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On the Circuit: Secret Sunshine

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On the Circuit: Secret Sunshine

Weeks after catching Secret Sunshine at the New York Film Festival, I’m still at a loss for something original to say about it. Many have already reviewed the film at Cannes and Toronto, returning roughly the same verdict: This flick takes a chain gun to the old maxim, if the actor cries, the audience does not.

In Secret Sunshine, Jeon Do-yeon cries and cries and cries. And cries and cries. Sometimes, she’s hunched over, back turned to us. At other times, her tears and snot might as well be dripping on our chest. She retches, faints, hyperventilates, stammers, moans as if mortally wounded, screams. It’s an ordeal. Writer-director Lee Chang-dong (working from Yi Chong-jun’s novel) makes us feel as if we’re going through all the stages of grief in real time.

Shin-ae (Jeon), a young Seoul widow, moves with her son Jun (Seon Jeong-yeo) to the place her husband always dreamed of settling in, his small, suburban hometown of Miryang. She hopes to get a fresh start while still honoring her husband’s memory. For him, Miryang was his “secret sunshine,” a hospitable place for a child to grow up. Shin-ae had abandoned a potentially brilliant career as a concert pianist by marrying very young. Now without a partner in her 30’s, she opens a children’s piano school. Her fresh start soon appears a bit stale: Miryang isn’t exactly the Korean Norman Rockwell haven her husband’s reminiscences etched in her mind. She comes across as many gossips, phonies and manipulative users (one played brilliantly by The Host’s Kang-ho Song) as one would find in the big city. Gentle, self-effacing Shin-ae has trouble asserting herself with these blustery folk. She also struggles to keep her reflexively sunny side up in the wake of so many losses (youth, husband, career).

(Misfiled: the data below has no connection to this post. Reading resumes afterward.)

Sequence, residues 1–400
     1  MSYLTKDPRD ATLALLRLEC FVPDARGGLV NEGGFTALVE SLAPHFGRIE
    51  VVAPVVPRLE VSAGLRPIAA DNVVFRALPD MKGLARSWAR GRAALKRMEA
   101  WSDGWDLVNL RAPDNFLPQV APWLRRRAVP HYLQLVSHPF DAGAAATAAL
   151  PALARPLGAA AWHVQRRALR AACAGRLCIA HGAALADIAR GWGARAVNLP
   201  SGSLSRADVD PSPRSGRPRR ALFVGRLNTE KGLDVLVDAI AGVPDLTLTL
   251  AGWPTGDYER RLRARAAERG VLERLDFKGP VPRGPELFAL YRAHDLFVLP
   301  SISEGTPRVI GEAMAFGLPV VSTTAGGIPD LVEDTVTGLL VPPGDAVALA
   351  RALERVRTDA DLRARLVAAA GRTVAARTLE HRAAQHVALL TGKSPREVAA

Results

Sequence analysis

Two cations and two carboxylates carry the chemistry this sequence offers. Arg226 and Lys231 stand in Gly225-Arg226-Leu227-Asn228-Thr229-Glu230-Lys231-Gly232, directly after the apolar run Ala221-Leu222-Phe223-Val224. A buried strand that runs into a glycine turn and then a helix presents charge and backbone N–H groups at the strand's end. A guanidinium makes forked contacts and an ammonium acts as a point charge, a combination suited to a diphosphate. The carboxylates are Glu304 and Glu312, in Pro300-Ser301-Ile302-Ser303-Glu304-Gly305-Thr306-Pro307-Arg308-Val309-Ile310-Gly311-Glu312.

Her facade of resilience is like a china vase with dozens of hairline cracks just waiting for one more fracture before collapsing into shards. The last crack in Secret Sunshine sends Shin-ae spiraling into grief, a desperate religious frenzy and, in the film’s central conflict, a war with the Christian God. Tragedy provokes her allegiance to the church; over time, God’s apparent indifference tears it. This premise may sound familiar to anyone who’s seen Michael Tolkin’s great The Rapture. In that film, a disaffected sexual swinger (Mimi Rogers), fell in love with God only to become his worst enemy after he allowed her husband’s violent death. Lee’s uninflected, long-take storytelling style is similar to Tolkin’s on The Rapture, but his protagonist enters her spiritual struggle only after the tragedy, whereas Tolkin’s took up with Christian fanatics out of a vague sense of malaise before distaster struck.

Through the pain, Secret Sunshine sustains interest because it observes her life before the inciting tragedy with just as much patient acuity as it does her downfall. The film is indeed a kind of secret sunshine in its first act, offering some quiet, embracing, jaunty realism. We get to share lovely moments between single mother and son that feel right and true. The sense that Lee is setting up a lamb for the slaughter doesn’t overpower the ease and generous spirit of this segment. A classroom full of little kids reciting a self-esteem boosting song is the film’s smile-enforcing height. There’s also an undercurrent of failure, compromise and loss that bears stranger and stranger fruit in the film’s midsection.

But not quite strange enough. Shin-ae’s tussle with God doesn’t escalate much higher beyond almost-seducing a good preacher, shoplifting small items and sabotaging the sound system at a revival meeting. Since Secret Sunshine feels sort of like an inverted The Rapture, it would have been interesting to see docile Shin-ae plunge even further into the decadence and heartlessness that the latter film started out with. While a glimpse at the ways a spiritual crisis can make a person self-destruct is fascinating, a look at how it can push someone to destroy blameless loved ones and bystanders might be revolutionary.

Steven Boone is a New York-based critic and filmmaker, a contributor to Vinyl Is Heavy and the publisher of the pop culture blog Big Media Vandalism.